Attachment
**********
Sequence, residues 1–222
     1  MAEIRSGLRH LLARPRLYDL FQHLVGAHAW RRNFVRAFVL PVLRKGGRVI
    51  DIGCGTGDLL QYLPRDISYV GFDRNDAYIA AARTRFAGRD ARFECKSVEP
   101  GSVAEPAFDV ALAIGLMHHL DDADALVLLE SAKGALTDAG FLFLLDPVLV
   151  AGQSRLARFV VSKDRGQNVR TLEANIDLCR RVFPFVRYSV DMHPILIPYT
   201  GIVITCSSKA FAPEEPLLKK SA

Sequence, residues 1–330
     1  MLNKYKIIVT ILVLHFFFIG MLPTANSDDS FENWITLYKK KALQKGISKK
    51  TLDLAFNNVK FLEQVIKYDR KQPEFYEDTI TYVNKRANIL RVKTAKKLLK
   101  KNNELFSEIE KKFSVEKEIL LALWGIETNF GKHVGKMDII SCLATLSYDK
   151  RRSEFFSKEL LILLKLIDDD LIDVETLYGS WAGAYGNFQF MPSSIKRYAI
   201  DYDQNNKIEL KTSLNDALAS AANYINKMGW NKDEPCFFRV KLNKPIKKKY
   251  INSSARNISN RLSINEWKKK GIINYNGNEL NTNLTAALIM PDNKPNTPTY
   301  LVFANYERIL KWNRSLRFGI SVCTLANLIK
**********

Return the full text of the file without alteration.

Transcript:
Sequence, residues 1–222
     1  MAEIRSGLRH LLARPRLYDL FQHLVGAHAW RRNFVRAFVL PVLRKGGRVI
    51  DIGCGTGDLL QYLPRDISYV GFDRNDAYIA AARTRFAGRD ARFECKSVEP
   101  GSVAEPAFDV ALAIGLMHHL DDADALVLLE SAKGALTDAG FLFLLDPVLV
   151  AGQSRLARFV VSKDRGQNVR TLEANIDLCR RVFPFVRYSV DMHPILIPYT
   201  GIVITCSSKA FAPEEPLLKK SA

Sequence, residues 1–330
     1  MLNKYKIIVT ILVLHFFFIG MLPTANSDDS FENWITLYKK KALQKGISKK
    51  TLDLAFNNVK FLEQVIKYDR KQPEFYEDTI TYVNKRANIL RVKTAKKLLK
   101  KNNELFSEIE KKFSVEKEIL LALWGIETNF GKHVGKMDII SCLATLSYDK
   151  RRSEFFSKEL LILLKLIDDD LIDVETLYGS WAGAYGNFQF MPSSIKRYAI
   201  DYDQNNKIEL KTSLNDALAS AANYINKMGW NKDEPCFFRV KLNKPIKKKY
   251  INSSARNISN RLSINEWKKK GIINYNGNEL NTNLTAALIM PDNKPNTPTY
   301  LVFANYERIL KWNRSLRFGI SVCTLANLIK